Every international crisis brings out the amateur historian in pundits and politicians. The Russian seizure of Crimea has been no different, sparking all kinds of analogies and examples, including the inevitable Hitler comparisons. (Yes, Secretary Clinton, you have a point. But it was still over the top, especially coming from America’s former chief diplomat.)He then proceeds to explain how he considers the situation in Crimea to be different from Kosovo in 1999, Iraq in 2003, Georgia in 2008 and Hungary and Czechoslovakia in 1956 and 1968 respectively. (How Sudetenland gets left off the list I can't imagine, as that seems like one of the more frequently made analogies.)
That is not to say that history itself is not useful. Professional historians have much to tell us about the roots of this conflict, as do political analysts, who (like me) see proximate causes for the crisis in recent events, including serious errors in U.S. foreign policy. But facile historical comparisons are only obscuring more than they are clarifying.
Many of these parallels are put forward by people who understand neither the present situation nor the past to which they’re comparing it. Taking an early lead in the competition for the worst way to open an article in this category, a “senior political analyst” at Al Jazeera began a story recently by writing: “Like most of the people speaking about Ukraine, I am no expert. But I know one or two things about the history of the Cold War to recognize…”
As is so often the case, knowing just one or two things is almost always an invitation to later intellectual trouble.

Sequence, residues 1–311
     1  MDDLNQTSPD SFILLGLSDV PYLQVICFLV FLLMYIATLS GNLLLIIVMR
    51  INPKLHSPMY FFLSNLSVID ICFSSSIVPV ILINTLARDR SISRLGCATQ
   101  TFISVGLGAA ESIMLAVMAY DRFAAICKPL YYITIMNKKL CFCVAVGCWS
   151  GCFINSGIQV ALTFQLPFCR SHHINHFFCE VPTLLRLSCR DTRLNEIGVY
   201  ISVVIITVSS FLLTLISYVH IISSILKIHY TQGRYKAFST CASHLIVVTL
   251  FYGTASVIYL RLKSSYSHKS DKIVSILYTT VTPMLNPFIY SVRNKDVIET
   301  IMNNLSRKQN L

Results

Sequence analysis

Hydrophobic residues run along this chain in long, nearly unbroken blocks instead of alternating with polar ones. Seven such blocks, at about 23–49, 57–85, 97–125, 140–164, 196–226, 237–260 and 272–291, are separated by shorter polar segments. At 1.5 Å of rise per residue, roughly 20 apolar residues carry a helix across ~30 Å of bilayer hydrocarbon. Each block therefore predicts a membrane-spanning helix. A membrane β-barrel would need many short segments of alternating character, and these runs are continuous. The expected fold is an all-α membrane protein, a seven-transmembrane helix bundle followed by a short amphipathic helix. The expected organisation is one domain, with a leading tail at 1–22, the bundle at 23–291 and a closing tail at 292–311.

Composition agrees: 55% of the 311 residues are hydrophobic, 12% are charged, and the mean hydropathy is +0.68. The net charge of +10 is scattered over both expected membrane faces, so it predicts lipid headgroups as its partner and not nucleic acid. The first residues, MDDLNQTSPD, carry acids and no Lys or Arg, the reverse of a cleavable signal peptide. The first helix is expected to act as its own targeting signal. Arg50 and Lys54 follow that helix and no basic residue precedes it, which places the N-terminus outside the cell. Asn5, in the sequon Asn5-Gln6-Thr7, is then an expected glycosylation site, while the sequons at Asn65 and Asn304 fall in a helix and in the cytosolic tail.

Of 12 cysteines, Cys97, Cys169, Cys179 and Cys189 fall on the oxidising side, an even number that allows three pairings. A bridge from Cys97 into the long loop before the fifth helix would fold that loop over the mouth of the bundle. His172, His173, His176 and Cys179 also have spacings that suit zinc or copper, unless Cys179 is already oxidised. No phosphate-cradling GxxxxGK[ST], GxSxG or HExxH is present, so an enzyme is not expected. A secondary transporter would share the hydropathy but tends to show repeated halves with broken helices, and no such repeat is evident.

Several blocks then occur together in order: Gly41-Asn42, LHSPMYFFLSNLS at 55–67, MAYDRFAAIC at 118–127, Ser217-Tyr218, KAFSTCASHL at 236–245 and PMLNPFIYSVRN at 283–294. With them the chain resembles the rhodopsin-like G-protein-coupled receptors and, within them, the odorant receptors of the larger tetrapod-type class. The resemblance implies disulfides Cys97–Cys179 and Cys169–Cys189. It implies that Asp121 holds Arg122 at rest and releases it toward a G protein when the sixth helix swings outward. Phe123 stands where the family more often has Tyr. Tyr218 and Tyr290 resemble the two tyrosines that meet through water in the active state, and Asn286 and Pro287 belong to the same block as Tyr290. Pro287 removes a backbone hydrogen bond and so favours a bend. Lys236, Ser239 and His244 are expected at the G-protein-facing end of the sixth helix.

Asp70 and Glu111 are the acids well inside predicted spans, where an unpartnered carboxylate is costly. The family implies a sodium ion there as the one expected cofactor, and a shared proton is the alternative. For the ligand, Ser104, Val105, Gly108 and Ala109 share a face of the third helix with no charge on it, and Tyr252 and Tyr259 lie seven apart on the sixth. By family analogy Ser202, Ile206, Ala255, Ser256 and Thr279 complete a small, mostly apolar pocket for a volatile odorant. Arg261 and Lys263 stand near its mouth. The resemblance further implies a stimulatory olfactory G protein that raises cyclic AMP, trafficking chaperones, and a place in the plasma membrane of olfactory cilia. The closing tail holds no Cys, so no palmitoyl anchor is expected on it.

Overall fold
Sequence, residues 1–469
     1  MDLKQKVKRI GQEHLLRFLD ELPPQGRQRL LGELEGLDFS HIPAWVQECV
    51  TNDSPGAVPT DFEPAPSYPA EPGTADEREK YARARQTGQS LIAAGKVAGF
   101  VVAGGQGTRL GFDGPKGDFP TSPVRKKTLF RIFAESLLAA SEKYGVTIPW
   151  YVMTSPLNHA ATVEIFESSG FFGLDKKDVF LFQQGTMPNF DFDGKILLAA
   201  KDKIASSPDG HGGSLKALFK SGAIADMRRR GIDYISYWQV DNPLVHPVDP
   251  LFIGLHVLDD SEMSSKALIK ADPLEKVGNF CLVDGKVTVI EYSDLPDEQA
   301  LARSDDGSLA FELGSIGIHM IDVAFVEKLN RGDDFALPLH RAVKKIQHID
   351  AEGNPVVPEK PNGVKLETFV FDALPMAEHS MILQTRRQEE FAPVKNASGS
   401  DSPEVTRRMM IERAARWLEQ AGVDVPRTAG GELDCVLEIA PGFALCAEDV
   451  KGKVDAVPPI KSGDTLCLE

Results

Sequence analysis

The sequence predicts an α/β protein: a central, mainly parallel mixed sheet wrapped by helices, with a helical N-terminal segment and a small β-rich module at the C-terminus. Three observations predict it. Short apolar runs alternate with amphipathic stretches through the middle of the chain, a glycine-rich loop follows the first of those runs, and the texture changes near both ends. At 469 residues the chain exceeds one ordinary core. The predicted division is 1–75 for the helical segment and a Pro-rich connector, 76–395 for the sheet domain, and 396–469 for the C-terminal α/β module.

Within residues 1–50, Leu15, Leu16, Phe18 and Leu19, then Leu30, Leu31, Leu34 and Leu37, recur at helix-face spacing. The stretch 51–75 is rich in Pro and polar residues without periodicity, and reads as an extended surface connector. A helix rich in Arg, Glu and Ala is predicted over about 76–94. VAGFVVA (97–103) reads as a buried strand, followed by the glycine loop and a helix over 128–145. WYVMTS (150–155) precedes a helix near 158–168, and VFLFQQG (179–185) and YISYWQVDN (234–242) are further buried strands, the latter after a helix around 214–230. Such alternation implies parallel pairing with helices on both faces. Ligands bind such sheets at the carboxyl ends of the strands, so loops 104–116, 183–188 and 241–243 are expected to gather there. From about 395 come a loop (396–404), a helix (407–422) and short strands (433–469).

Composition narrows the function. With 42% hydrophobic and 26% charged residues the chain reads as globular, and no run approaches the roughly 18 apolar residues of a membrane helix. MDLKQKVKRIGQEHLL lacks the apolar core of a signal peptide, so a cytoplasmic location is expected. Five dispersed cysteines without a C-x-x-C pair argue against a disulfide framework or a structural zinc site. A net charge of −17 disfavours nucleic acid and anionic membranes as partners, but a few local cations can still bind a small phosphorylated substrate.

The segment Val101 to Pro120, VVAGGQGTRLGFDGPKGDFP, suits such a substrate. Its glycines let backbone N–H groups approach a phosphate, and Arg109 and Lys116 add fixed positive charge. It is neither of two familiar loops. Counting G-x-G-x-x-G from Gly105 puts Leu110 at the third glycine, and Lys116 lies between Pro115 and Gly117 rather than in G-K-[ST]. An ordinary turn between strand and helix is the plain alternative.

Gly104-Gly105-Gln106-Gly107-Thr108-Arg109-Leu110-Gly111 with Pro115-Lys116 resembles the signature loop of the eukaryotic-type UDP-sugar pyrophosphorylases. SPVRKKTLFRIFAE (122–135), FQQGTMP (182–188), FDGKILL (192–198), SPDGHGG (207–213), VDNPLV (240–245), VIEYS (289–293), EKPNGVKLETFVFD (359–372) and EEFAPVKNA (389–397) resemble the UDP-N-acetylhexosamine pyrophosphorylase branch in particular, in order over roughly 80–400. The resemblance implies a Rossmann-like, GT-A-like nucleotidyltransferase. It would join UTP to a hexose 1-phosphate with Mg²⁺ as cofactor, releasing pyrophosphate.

Sometimes, of course, the goal is intentional obfuscation: Russian apologists, for example, rely on flawed comparisons with Kosovo and Iraq as justifications for the Kremlin’s aggression. In America, meanwhile, some partisans, determined to prevent this disaster from staining the Obama administration, invoke George W. Bush’s tepid reaction to the 2008 Russian attack on Georgia as the precedent for Western inaction.
In the end, however, these historical analogies are mostly nonsense, especially when they are used to draw false moral equivalences. There may be precedents to consider in determining our reaction to the Russian invasion, but they are not to found among clumsy historical fairy tales. So let’s dispense with them right now.
His points are all pretty good, and it is of course true that no one situation is exactly like another and thus that each event should be analyzed on its own merits. I'm not really sure that means people shouldn't make analogies so much as that analogies are always limited in application and scope.